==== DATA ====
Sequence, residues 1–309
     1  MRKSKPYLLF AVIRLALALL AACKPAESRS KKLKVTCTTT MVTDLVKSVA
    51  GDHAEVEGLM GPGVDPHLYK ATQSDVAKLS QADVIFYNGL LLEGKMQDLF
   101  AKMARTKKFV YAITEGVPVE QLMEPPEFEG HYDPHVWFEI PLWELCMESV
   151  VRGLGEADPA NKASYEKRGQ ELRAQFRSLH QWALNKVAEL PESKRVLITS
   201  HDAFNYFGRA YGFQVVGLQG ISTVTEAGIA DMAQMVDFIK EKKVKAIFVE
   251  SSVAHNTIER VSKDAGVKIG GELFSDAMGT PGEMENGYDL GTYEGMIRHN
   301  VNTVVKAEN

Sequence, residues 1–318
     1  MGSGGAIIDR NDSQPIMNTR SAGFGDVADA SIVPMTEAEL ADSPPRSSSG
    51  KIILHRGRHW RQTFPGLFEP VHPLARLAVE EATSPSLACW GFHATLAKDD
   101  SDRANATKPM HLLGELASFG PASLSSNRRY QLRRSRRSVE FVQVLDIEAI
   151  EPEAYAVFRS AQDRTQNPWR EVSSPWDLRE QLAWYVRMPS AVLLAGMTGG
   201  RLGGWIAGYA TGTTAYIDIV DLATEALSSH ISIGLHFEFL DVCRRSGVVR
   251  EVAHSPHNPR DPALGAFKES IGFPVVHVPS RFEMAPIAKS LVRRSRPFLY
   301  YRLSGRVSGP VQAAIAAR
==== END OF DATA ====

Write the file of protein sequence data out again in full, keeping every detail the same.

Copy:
Sequence, residues 1–309
     1  MRKSKPYLLF AVIRLALALL AACKPAESRS KKLKVTCTTT MVTDLVKSVA
    51  GDHAEVEGLM GPGVDPHLYK ATQSDVAKLS QADVIFYNGL LLEGKMQDLF
   101  AKMARTKKFV YAITEGVPVE QLMEPPEFEG HYDPHVWFEI PLWELCMESV
   151  VRGLGEADPA NKASYEKRGQ ELRAQFRSLH QWALNKVAEL PESKRVLITS
   201  HDAFNYFGRA YGFQVVGLQG ISTVTEAGIA DMAQMVDFIK EKKVKAIFVE
   251  SSVAHNTIER VSKDAGVKIG GELFSDAMGT PGEMENGYDL GTYEGMIRHN
   301  VNTVVKAEN

Sequence, residues 1–318
     1  MGSGGAIIDR NDSQPIMNTR SAGFGDVADA SIVPMTEAEL ADSPPRSSSG
    51  KIILHRGRHW RQTFPGLFEP VHPLARLAVE EATSPSLACW GFHATLAKDD
   101  SDRANATKPM HLLGELASFG PASLSSNRRY QLRRSRRSVE FVQVLDIEAI
   151  EPEAYAVFRS AQDRTQNPWR EVSSPWDLRE QLAWYVRMPS AVLLAGMTGG
   201  RLGGWIAGYA TGTTAYIDIV DLATEALSSH ISIGLHFEFL DVCRRSGVVR
   251  EVAHSPHNPR DPALGAFKES IGFPVVHVPS RFEMAPIAKS LVRRSRPFLY
   301  YRLSGRVSGP VQAAIAAR